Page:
By Andrew Arthur
I became a golf photographer by accident. Like most people I had no idea at first of the passion golf inspires amongst its devotees, but there are enough of them that there’s a whole photographic market out there. Just look at the number of illustrated golf magazines. Even in these days of live TV and video, people enjoy looking at photographs of golfers, because the game is all about style and technique. Players need to learn how to stand, and swing, and putt, which takes dedication and practice. People like to analyse photographs of the pros. Hence the popularity of golf magazines.
Golf is a daft game really, but it has an enormous number of followers. Having tried it myself I can tell you it isn’t as easy as it looks. With the wound balls if you didn't hit the ball correctly it would split in half and the little rubber bit in the middle would go bounding off all on its own. I’m just saying.
This is a rural region. My assignments were mainly agricultural and equestrian, and I covered the diary of civic events in the town. I loved the variety. At an agricultural show I met the Bond Brothers, Hermon and Martin. From a traditional farming family, the Bonds became fanatical about golf and decided to build their own golf course. As you do. This ultimately became the St. Mellion International golf course. It’s near Plymouth on the map.
Because I already knew Hermon and Martin, I established good relations with their golf club management and went there often to cover their events. Golf courses seek good publicity and they work hard to be attractive places for people to spend their leisure time. Getting their name in the papers helps. People travel to Cornwall from all over to play at St. Mellion because it has a great reputation. Golf is a lucrative sport. The Bonds became multi-millionaires, but never stopped being really nice guys. No longer with us now, and much missed, they gave me my chance, and I’ll never forget that.
But first of all I had to learn to be a golf photographer. The local papers were a market for pictures of golf prize winners and of celebrities with local people. A Celebrity Pro-Am is a golf match where celebrities team up with a member of the public and play a round of golf with them. Imagine an afternoon with Robert Powell! Many celebrities are great at golf; it's surprising how many play. I have snapped racing drivers, soccer, pool, football, and snooker players, singers, entertainers, actors, and writers.
But it is not just about award ceremonies. The real fun is in getting action shots of golfers.
I spent time at St. Mellion photographing their club events. I began to work at other courses and local tournaments, learning my way around, acquiring the skills I needed. Hand-holding long lenses was not easy, and many good shots were ruined. Having figured out how to cover a match I established a method for getting the best pictures. Golf courses are very large places and you can easily walk your legs off. You need to have a Plan A. This starts literally with a map of the place. Everything revolves around that.
Because you don’t know who the winner will be, you have to photograph every single player otherwise Murphy’s Law will ensure that the winner is the one player you missed. You have to locate the start and finish holes and have a rough idea of where the others are, and then be there! All you have to do then is get the picture. At the decisive moment, like The Man said.
There are certain rules to be observed, especially at the professional matches, where you must not get in the way. If you get too many complaints you can be asked to leave by large men wearing serious expressions. Not me, thank goodness.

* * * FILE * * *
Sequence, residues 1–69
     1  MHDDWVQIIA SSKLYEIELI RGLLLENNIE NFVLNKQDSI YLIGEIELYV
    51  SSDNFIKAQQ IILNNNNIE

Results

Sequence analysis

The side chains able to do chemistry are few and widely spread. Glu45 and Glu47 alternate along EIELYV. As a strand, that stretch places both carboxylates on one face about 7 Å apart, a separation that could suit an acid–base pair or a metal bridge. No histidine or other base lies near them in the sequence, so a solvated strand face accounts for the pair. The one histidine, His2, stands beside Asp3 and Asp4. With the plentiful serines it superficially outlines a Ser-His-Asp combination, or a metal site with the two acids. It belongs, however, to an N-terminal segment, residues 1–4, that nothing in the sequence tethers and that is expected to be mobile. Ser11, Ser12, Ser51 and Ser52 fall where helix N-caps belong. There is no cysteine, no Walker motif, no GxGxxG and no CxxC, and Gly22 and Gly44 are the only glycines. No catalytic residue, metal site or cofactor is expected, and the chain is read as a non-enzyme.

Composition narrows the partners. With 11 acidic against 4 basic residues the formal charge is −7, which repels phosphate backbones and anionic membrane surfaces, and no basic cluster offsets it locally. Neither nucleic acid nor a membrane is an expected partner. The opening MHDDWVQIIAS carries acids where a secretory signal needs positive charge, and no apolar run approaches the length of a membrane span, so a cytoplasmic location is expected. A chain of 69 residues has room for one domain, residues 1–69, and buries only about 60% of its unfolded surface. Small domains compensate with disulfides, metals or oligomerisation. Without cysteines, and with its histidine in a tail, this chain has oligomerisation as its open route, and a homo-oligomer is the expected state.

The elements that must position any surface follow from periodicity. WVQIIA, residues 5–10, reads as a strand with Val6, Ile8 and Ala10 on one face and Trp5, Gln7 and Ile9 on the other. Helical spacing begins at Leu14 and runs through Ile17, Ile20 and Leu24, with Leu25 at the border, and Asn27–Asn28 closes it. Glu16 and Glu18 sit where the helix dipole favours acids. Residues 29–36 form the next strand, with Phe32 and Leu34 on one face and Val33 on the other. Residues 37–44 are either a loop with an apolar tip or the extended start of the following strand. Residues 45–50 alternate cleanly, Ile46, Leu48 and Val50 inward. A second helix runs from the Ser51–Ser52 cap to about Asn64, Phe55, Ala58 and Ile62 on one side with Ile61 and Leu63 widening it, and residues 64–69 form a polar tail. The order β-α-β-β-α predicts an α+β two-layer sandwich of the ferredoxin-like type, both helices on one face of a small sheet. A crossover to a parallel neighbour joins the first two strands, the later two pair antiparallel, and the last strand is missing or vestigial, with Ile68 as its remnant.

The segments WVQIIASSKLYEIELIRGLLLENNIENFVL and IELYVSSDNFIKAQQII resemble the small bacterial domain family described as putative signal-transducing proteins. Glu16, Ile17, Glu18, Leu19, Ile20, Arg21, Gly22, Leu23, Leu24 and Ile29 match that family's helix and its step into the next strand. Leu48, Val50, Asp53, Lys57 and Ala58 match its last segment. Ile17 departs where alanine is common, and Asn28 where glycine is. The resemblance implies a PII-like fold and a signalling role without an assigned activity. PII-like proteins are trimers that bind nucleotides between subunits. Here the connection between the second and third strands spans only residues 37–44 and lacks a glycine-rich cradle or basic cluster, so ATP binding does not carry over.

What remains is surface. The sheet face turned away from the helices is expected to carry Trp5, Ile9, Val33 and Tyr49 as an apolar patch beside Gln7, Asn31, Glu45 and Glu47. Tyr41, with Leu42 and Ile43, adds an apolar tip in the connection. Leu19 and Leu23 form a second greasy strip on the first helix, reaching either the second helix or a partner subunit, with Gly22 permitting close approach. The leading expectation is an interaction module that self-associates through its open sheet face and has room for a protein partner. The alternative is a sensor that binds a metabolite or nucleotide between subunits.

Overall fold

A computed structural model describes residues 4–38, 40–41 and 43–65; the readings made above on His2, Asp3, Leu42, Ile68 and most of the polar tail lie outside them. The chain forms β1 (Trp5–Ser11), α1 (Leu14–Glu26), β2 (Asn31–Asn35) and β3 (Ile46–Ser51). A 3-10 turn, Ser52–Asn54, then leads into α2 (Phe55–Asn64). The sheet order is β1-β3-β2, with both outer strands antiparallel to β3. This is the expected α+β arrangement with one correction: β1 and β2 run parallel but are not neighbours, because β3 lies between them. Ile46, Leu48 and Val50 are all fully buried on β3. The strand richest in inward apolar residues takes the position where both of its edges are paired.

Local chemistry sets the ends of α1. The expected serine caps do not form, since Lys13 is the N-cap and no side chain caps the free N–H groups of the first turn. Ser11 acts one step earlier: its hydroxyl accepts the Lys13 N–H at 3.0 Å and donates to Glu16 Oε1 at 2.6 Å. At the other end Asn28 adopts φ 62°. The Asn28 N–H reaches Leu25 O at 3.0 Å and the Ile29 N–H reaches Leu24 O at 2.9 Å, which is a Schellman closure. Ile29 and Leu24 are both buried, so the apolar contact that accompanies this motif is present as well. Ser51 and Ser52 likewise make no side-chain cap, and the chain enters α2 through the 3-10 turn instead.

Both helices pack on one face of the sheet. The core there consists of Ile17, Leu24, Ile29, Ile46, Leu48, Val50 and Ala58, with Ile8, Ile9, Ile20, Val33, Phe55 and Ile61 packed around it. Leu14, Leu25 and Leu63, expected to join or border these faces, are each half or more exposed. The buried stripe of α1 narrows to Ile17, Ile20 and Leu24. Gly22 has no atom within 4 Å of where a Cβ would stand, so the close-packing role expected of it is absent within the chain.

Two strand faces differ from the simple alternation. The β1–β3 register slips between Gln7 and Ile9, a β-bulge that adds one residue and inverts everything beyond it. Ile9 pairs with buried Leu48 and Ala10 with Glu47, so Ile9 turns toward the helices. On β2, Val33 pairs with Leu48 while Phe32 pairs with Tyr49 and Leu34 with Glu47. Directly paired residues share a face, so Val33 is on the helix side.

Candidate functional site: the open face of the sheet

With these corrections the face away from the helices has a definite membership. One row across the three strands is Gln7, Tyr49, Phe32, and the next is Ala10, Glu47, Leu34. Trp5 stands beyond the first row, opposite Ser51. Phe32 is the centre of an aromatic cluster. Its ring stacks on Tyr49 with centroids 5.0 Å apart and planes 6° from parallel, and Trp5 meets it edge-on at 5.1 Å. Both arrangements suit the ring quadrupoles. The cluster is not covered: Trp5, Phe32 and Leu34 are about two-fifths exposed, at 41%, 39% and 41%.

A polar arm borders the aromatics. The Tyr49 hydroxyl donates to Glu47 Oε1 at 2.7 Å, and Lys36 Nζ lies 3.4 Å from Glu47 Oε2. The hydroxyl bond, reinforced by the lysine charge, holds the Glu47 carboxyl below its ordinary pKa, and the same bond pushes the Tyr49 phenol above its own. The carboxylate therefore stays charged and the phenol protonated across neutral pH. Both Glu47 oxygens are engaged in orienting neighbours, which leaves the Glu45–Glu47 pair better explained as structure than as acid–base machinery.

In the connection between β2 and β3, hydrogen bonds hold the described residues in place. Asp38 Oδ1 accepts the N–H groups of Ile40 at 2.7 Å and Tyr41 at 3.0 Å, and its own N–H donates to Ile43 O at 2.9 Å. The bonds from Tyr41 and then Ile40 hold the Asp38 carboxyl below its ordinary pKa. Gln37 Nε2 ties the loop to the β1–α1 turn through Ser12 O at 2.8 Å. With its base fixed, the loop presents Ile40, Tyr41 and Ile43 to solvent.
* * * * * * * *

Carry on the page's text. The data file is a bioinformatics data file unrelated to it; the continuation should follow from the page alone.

Golf can be dangerous. I remember seeing a world famous star tee off at the first hole in front of a big crowd at St. Mellion. Perhaps unnerved by the audience, he completely mishit the ball, which shot into the crowd and knocked a woman unconscious. The star was mortified but the woman was all right after medical attention. Expect the unexpected!
St. Mellion graduated to holding the Benson and Hedges International Open and I was granted a much coveted Press pass. Jack Nicklaus came over and supervised the laying out of the course and Benson's put on a huge show. Stands were built, car parks were laid out, absolutely thousands of people turned up. It wasn’t just golf, it was showbiz! I was learning to deal with it all, and selling my pictures to magazines, which is what it was all about. I had a picture in the World Handbook of Golf—it was of a pile of dirt. But this particular dirt was part of the new redesigned Jack Nicklaus course then being built and therefore very significant. My most boring golfing picture—sold.
At the big matches you need to be alert. The atmosphere is fragile. Staff lose their temper easily; they panic. Security men get carried away. You have to keep cool and flash your pass. Your equipment can be stolen, so it's best to travel light. Although the crowd barriers don’t apply to professional photographers, you can't just go anywhere. If the players think you are obstructing them, they'll object. Some players just get edgy and take it out on the nearest person, and that might be you!
But disaster struck Britain in the late 1980s. The country swept into a deep economic recession. Nobody wanted a freelance. In fact, too many of my clients ceased to exist altogether. My photography pretty much stopped, and not long after that I was forced out of the business due to lack of trade. If it had not been for that I think I might have specialised in golf photography.
Send this post to a friend
Note: Links in this post may be to our affiliates; sales through affiliate links may benefit this site. More...
Original contents copyright 2010 by Michael C. Johnston and/or the bylined author. All Rights Reserved.